Terror convicts unlawfully held in isolation, UK Supreme Court rules

© Tanvir Hussain © Metropolitan Police / Files / Handout
Two men charged with terror offenses were unlawfully detained in solitary confinement, Britain’s Supreme Court has ruled.

Kamel Bourgass, who was handed a life sentence for murdering a police officer and stands accused of plotting to use lethal chemical weapon ricin, was found to be held in isolation for longer than is permitted under UK law. 

Tanvir Hussain, who is serving life for complicity in a terrorist conspiracy, was also held in segregation for an unlawful period.

Under UK law, solitary confinement of convicts must not surpass 21 days.

Legal challenges from Bourgass and Hussain were upheld by the Supreme Court on Wednesday, after five judges found the men were detained in unsuitable conditions for an unacceptable period. The justices also found a breach of prison regulations had occurred in both instances.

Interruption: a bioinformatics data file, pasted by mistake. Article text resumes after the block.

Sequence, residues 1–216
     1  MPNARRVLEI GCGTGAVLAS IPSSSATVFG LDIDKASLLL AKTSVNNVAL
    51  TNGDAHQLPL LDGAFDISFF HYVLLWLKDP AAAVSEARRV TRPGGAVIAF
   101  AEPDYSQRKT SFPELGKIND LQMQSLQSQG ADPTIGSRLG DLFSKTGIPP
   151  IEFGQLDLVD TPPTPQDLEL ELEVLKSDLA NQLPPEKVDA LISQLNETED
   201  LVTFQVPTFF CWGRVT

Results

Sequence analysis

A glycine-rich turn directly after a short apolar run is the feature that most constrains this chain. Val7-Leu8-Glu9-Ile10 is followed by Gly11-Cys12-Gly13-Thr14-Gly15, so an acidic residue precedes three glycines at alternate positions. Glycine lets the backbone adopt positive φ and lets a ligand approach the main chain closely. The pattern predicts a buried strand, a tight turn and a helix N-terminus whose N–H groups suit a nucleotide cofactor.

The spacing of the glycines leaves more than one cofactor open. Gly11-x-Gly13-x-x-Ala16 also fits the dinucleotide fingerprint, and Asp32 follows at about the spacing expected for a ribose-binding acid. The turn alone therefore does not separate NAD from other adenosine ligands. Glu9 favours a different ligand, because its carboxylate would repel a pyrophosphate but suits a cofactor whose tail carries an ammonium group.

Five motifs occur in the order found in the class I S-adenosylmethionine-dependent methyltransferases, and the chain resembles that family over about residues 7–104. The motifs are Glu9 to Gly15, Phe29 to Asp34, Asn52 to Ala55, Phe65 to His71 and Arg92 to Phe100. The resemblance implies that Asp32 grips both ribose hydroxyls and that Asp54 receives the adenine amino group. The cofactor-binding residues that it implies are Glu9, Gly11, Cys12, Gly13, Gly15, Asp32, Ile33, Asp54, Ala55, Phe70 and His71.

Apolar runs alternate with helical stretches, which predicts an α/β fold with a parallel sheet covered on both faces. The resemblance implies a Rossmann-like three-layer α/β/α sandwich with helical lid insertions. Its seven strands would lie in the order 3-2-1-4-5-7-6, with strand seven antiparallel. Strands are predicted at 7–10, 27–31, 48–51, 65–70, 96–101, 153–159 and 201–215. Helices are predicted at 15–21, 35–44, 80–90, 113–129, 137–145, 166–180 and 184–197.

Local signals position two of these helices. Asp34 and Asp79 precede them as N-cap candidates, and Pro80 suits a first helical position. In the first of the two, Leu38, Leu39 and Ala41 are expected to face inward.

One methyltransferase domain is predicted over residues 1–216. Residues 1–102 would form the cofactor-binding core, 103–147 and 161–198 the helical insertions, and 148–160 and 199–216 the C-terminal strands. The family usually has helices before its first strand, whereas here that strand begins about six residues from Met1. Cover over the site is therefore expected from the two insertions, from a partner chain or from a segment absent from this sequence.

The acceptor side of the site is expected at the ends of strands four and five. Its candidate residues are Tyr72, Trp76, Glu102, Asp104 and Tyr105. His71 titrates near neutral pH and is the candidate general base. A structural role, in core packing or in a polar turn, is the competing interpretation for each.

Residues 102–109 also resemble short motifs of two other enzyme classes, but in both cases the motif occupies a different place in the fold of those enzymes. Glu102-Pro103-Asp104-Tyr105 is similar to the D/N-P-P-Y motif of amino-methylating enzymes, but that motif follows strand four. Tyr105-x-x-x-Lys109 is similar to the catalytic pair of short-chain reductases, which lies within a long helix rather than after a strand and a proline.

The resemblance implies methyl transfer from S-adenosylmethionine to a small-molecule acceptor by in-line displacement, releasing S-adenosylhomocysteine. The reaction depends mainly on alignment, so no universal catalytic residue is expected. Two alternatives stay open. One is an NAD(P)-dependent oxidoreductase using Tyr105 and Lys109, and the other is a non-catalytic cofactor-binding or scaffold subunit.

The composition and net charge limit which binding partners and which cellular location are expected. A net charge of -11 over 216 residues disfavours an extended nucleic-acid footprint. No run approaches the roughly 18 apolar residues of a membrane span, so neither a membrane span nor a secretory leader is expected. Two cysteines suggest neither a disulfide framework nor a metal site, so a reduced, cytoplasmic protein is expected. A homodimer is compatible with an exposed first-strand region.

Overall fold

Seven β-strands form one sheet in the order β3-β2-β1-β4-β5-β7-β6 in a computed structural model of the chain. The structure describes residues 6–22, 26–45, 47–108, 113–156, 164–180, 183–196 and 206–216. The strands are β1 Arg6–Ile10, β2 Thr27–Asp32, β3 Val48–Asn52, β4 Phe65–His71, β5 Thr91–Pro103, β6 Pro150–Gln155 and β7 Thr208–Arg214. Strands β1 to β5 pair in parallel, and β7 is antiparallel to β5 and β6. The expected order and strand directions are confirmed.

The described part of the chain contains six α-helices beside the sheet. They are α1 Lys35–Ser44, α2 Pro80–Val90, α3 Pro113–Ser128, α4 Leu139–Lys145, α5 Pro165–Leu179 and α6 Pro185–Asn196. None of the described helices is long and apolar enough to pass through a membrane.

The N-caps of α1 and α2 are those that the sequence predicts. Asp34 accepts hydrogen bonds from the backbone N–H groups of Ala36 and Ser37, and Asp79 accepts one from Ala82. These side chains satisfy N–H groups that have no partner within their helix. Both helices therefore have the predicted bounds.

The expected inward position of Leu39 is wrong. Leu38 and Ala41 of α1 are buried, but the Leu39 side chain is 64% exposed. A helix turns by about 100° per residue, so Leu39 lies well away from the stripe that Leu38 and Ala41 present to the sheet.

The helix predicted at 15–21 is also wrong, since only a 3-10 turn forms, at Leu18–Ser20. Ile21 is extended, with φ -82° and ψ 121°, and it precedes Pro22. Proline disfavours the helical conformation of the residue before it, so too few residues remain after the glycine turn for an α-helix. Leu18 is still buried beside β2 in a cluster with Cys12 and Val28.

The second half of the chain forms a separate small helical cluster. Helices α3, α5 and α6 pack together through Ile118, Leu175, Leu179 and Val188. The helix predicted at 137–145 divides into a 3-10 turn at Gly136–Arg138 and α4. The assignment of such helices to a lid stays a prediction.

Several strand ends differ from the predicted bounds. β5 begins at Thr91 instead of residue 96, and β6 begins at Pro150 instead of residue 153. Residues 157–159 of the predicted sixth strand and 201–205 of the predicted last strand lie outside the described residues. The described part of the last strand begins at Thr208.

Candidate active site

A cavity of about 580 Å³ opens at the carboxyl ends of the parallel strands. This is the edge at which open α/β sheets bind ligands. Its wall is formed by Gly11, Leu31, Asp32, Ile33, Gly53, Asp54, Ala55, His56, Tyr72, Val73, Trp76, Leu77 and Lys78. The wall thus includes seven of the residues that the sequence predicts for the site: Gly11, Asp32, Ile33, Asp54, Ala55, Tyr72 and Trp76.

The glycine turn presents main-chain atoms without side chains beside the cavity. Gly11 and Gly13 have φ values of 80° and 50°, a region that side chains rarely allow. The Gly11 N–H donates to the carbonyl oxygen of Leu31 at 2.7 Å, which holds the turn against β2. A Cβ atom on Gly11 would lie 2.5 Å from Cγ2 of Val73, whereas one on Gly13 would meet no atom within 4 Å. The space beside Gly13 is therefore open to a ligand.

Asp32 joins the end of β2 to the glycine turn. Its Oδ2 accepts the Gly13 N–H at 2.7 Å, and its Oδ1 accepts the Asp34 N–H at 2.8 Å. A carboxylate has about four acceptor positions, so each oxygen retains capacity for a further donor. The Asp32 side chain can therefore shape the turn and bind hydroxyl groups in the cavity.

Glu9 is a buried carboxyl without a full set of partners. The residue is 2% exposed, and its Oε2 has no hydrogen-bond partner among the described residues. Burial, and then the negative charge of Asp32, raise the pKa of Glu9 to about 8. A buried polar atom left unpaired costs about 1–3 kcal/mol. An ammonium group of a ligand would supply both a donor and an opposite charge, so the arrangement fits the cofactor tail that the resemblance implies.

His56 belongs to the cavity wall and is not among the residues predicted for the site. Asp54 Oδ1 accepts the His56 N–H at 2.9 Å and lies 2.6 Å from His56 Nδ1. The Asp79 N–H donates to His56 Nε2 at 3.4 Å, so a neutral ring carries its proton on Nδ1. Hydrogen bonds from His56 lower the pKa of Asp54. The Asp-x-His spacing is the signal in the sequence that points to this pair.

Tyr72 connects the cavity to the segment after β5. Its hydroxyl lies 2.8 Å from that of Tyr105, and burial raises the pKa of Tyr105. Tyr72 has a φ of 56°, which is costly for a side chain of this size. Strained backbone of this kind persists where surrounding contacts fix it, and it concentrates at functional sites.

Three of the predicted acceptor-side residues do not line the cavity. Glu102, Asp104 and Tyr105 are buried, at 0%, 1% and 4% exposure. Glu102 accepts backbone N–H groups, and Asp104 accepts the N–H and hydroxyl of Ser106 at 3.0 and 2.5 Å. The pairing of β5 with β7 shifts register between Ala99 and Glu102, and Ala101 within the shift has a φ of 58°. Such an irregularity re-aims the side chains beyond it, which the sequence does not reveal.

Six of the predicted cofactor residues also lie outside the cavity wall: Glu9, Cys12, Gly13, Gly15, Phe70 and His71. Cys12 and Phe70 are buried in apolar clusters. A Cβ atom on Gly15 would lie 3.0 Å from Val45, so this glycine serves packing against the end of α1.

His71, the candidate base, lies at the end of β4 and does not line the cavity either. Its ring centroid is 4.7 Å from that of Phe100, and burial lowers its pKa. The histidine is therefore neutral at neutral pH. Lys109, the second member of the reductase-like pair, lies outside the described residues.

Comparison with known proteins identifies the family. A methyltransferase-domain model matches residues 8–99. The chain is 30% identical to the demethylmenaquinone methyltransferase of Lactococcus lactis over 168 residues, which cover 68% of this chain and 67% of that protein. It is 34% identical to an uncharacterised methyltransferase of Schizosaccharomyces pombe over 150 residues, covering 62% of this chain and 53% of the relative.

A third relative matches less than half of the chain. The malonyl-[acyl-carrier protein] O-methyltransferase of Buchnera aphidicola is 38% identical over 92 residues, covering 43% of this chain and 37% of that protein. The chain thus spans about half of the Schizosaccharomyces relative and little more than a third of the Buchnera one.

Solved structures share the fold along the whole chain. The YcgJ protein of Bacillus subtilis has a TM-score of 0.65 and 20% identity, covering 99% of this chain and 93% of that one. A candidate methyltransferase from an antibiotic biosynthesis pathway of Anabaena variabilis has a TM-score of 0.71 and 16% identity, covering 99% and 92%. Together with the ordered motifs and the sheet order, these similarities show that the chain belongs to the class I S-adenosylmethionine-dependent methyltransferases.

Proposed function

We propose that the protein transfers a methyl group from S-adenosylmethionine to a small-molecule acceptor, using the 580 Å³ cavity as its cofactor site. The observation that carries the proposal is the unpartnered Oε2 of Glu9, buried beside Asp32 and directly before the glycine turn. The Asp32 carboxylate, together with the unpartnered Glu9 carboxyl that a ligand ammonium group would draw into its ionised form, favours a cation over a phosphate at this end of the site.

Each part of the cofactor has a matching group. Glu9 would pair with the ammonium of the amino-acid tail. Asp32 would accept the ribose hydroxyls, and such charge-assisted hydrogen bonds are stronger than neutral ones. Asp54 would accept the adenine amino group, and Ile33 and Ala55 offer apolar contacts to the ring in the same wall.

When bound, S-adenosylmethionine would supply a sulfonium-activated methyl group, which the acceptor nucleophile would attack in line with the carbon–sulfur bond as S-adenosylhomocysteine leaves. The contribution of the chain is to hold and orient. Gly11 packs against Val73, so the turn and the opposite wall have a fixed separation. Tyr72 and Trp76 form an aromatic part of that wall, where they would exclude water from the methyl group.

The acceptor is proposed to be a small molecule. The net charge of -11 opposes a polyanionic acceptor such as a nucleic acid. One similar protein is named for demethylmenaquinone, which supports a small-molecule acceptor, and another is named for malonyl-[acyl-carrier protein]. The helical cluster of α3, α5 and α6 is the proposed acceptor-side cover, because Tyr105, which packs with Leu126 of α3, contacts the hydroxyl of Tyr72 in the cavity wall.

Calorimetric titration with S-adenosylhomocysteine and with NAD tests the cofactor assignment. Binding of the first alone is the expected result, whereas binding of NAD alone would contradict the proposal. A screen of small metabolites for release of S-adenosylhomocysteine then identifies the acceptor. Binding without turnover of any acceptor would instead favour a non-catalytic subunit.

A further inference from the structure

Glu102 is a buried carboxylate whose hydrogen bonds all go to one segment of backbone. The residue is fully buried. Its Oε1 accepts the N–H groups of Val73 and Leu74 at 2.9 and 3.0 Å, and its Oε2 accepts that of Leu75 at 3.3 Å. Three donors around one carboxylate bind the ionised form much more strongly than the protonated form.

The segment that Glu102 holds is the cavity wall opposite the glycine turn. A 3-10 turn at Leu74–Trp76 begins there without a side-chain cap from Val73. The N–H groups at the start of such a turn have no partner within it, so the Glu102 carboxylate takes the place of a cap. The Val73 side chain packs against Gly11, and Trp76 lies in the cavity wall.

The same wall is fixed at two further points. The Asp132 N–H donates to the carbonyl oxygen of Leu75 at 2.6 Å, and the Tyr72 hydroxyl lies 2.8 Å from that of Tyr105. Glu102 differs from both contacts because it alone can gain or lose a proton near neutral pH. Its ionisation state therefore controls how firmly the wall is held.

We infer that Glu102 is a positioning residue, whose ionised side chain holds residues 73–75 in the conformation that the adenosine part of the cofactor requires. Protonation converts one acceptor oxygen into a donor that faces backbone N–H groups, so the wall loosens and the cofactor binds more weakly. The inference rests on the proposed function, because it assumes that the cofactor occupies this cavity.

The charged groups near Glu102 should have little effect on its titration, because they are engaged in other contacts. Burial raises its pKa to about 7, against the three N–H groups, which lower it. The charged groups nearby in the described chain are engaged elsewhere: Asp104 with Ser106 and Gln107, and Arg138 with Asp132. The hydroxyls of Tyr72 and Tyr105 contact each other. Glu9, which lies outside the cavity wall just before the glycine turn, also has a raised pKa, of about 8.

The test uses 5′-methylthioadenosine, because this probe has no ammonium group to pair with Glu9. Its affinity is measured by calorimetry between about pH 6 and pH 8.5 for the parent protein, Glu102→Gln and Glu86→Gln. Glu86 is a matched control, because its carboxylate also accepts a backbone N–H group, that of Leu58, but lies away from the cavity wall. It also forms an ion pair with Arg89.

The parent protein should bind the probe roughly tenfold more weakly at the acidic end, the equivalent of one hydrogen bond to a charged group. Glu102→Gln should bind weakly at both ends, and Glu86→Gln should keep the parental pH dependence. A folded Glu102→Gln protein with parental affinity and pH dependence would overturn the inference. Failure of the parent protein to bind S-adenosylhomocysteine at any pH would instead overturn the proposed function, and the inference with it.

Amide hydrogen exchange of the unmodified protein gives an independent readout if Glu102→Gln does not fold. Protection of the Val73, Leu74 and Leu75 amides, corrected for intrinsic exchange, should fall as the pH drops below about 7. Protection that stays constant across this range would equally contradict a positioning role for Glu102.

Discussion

Bourgass was imprisoned in a cell for 23 hours per day and was unable to associate with other prisoners, the court was told. He was also denied education or work for a number of months – in part because he allegedly had an altercation with one of his inmates.

Hussain, who was previously dubbed “the liquid bomber,” also suffered prisoner rights’ violations.

Both men were accused of intimidating other prisoners over faith-based issues, with prison authorities taking the decision to place them in solitary confinement. However, Bourgass and Hussain flatly denied the claims.

Bourgass, who is of Algerian descent, is serving a 17-year sentence for conspiracy to commit public nuisance in relation to a 2002 ricin terror plot.

He is also serving a life sentence for killing Detective Constable Stephen Oake, 40, with a kitchen knife in 2003. The officer was attempting to arrest Bourgass at the time.

Hussain was one of three terror suspects convicted of a plot to unleash suicide attacks on flights from London Heathrow to the US and Canada. He planned to use liquid hydrogen peroxide bombs disguised in soft drink bottles. He is currently serving a life sentence.

Bourgass and Hussain say their human rights were violated by prison staff, but the Supreme Court has rejected these claims.